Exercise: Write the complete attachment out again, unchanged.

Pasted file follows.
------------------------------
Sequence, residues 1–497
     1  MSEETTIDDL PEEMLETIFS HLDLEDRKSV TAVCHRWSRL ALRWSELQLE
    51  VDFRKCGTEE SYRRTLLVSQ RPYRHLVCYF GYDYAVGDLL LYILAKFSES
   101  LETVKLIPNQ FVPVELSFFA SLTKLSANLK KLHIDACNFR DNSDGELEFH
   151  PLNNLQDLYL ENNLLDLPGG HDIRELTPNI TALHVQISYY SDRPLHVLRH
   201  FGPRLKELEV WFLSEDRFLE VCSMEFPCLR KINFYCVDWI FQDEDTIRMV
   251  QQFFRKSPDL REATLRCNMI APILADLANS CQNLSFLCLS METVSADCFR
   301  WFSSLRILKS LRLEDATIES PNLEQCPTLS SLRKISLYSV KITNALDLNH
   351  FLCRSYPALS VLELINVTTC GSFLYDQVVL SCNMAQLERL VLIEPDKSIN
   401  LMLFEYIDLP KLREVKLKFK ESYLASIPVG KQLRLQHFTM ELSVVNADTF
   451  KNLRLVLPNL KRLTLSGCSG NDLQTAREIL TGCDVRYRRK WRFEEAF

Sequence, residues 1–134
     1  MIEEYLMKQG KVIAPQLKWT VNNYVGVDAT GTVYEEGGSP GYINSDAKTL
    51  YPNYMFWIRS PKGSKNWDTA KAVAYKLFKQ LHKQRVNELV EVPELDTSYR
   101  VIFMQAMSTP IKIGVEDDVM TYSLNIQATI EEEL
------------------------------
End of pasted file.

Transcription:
Sequence, residues 1–497
     1  MSEETTIDDL PEEMLETIFS HLDLEDRKSV TAVCHRWSRL ALRWSELQLE
    51  VDFRKCGTEE SYRRTLLVSQ RPYRHLVCYF GYDYAVGDLL LYILAKFSES
   101  LETVKLIPNQ FVPVELSFFA SLTKLSANLK KLHIDACNFR DNSDGELEFH
   151  PLNNLQDLYL ENNLLDLPGG HDIRELTPNI TALHVQISYY SDRPLHVLRH
   201  FGPRLKELEV WFLSEDRFLE VCSMEFPCLR KINFYCVDWI FQDEDTIRMV
   251  QQFFRKSPDL REATLRCNMI APILADLANS CQNLSFLCLS METVSADCFR
   301  WFSSLRILKS LRLEDATIES PNLEQCPTLS SLRKISLYSV KITNALDLNH
   351  FLCRSYPALS VLELINVTTC GSFLYDQVVL SCNMAQLERL VLIEPDKSIN
   401  LMLFEYIDLP KLREVKLKFK ESYLASIPVG KQLRLQHFTM ELSVVNADTF
   451  KNLRLVLPNL KRLTLSGCSG NDLQTAREIL TGCDVRYRRK WRFEEAF

Sequence, residues 1–134
     1  MIEEYLMKQG KVIAPQLKWT VNNYVGVDAT GTVYEEGGSP GYINSDAKTL
    51  YPNYMFWIRS PKGSKNWDTA KAVAYKLFKQ LHKQRVNELV EVPELDTSYR
   101  VIFMQAMSTP IKIGVEDDVM TYSLNIQATI EEEL